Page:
Football players have some sort of brain damage, states top neurologist

EUGENE, Ore. – If you played the game of football in high school, college and most especially if you’re a professional National Football League (NFL) player, your brain has been damaged due to repeated impact; this is a view from one of the nation’s leading neurologists, Dr. Daniel Amen, who stated during a March 5 TV broadcast – on more than 350 PBS affiliate stations – that “if you played football, you probably have some sort of brain damage.”

Dr. Daniel Amen, one of the nation’s most respect neurologists -- who frequently discusses football related brain injuries during Congressional hearings – dropped the bomb on Saturday evening when his Public Broadcasting TV show “The Amen Solution” revealed his view – after studying the brains of hundreds of former NFL football players – that “if you played football, you probably have some sort of brain damage.”

At the same time, parents of high school and college football players -- who recently attended a concussion consciousness workshop at the famed Slocum Center for Orthopedics and Sports Medicine here in Eugene -- noted that the new guidance for concussion prevention mirrors Amen’s public appeal to stop the madness and “protect football player’s brains.”

“Slocum has become one of the nation’s leaders in awareness about concussions,” said one Eugene parent who also noted that that prior to his son’s brain injury -- due to a football related concussion -- “I never thought much about it.”

Eugene serves as a center for sports related injuries

According to a Slocum Center fact sheet, “A concussion is a mild traumatic brain injury that interferes with normal brain function. The Center for Disease Control and Prevention estimates there are 300,000 sports concussions among children and adolescents each year in the United States. It is usually caused by a blow to the head, but may occur with a whiplash injury, or when the head strikes the ground. Only about 5-10% of people are knocked unconscious with a concussion. Most are confused, dazed, or complain of a headache. It can be fatal.”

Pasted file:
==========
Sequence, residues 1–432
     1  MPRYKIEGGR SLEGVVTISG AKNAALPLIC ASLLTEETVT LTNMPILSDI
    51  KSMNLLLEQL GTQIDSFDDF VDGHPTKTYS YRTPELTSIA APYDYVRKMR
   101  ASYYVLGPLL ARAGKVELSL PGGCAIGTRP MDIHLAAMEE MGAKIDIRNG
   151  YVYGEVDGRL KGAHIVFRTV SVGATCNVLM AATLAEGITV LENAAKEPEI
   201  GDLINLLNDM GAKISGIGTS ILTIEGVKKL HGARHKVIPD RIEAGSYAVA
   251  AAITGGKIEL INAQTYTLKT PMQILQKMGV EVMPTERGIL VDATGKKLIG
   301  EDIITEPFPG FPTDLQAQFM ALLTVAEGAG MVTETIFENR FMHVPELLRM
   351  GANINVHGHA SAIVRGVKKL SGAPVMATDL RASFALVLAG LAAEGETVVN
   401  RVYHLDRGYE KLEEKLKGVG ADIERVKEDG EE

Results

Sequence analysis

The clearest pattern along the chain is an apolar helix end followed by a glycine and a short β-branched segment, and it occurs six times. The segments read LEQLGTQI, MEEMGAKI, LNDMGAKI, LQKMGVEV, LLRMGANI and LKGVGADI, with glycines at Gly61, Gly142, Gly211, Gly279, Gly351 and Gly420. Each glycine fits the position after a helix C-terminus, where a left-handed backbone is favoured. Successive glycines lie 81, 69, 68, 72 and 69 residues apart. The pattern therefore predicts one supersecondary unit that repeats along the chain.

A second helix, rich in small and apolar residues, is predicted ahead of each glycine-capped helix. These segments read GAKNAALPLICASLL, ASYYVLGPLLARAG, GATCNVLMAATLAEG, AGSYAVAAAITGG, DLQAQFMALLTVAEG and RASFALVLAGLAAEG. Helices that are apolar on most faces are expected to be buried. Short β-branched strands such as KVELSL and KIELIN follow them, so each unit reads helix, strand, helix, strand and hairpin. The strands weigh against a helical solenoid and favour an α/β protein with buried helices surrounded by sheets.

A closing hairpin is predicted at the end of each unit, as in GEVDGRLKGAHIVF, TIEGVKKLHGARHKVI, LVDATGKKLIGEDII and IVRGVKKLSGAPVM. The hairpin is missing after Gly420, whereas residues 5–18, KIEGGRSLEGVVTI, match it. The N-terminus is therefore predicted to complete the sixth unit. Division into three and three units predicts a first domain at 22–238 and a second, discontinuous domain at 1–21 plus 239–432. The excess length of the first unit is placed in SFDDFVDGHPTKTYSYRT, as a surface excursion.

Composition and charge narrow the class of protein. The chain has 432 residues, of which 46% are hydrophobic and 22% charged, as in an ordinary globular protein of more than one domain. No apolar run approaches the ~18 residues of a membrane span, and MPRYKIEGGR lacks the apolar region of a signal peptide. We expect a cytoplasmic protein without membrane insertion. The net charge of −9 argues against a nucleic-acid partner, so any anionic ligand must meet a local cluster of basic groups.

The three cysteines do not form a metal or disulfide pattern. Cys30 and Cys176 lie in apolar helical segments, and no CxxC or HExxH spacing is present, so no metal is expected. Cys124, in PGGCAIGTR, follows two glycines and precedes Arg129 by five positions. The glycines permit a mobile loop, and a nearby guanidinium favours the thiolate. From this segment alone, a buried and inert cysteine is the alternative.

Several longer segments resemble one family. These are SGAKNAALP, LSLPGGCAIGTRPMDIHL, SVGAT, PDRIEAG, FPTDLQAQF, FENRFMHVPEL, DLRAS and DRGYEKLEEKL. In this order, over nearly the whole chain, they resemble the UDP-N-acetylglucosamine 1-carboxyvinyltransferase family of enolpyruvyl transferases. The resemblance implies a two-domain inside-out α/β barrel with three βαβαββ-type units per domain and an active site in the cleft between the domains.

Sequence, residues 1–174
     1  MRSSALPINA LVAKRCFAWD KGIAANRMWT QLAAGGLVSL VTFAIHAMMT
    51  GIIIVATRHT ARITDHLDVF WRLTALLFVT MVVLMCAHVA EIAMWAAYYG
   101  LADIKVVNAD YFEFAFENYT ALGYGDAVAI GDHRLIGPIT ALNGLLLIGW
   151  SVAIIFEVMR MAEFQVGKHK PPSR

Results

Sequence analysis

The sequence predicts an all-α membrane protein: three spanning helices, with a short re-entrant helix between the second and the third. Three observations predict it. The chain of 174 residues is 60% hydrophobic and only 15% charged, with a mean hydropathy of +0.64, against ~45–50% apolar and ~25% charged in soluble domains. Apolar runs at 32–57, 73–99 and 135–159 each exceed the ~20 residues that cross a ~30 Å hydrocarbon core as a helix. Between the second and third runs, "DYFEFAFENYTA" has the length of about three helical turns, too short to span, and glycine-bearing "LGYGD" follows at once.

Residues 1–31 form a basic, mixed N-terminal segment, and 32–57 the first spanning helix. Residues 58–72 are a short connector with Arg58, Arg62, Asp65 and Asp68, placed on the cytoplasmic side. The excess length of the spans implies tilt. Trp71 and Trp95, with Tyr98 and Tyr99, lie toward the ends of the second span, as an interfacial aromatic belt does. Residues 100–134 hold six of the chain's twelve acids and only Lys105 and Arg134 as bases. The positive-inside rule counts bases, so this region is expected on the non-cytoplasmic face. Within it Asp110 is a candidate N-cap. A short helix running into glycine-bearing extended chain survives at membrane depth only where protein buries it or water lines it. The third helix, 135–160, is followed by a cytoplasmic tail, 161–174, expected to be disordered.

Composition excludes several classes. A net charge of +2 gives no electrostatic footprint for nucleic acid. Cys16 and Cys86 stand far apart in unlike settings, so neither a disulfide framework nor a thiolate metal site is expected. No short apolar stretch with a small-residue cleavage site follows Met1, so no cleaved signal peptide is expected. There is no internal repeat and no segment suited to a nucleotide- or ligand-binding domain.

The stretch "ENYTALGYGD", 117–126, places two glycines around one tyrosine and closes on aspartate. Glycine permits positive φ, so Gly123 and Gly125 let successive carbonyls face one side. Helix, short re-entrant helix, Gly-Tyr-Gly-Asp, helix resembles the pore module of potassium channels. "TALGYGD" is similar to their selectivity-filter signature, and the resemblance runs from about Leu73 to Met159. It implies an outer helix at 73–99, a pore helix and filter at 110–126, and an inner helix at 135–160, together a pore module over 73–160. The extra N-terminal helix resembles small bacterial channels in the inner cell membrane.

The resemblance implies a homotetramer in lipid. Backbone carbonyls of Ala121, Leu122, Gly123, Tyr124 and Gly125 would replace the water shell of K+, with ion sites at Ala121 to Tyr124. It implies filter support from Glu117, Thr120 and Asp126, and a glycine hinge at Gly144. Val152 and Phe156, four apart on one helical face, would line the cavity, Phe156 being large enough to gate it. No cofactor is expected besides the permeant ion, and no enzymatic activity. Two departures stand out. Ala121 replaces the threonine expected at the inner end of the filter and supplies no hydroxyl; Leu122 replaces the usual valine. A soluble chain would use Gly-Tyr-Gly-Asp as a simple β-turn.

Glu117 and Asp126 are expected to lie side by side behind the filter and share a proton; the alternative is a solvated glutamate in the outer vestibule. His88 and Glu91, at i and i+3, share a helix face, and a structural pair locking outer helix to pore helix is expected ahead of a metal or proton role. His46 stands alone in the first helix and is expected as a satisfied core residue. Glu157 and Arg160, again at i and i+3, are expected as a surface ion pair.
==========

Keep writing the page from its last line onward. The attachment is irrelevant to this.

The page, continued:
At the same time, the University of Oregon director of athletic medicine, Dr. Greg Skaggs has noted during numerous media interviews that the subject of player brain safety is deadly serious for the Oregon Ducks football team as they take precautions to include benching a player who’s suffering from a concussion.

Amen’s controversial claim -- that all people who’ve played the game of football in tackle and high impact contests have some sort of brain damage – comes in the wake of NFL player Dave Duerson’s death wish that his brain be studied to help other pro football players.

It’s been revealed that most NFL players suffer as many as 15 or more concussions during their high school, college and professional playing careers. In turn, “concussion consciousness” has become the talk of the town here in Eugene where the University of Oregon “Ducks” and a number of high school football teams play football.

Duerson legacy is to stop football concussions

Duerson, a former Chicago Bears safety who recently died after shooting himself in the chest, had requested in his will that his brain be examined after the years of regular concussions he suffered on the playing field.

Duerson reportedly asked that his brain be examined for “chronic traumatic encephalopathy,” a degenerative disease that doctors say is caused by repeated concussions to the head. It’s known that many former football players now suffer from post-concussion illnesses that include the same depression that led Duerson to commit suicide.

There's been dozens of other related suicides by football players who've suffered regular concussions on the football field. In fact, An NFL study of more than 1,000 football players found 60 to 70 percent had suffered at least one major concussion in their careers, and 26 percent had had three or more.

Those who had concussions reported serious memory problems, as well as issues with concentration, speech, headaches and a host of serious neurological problems.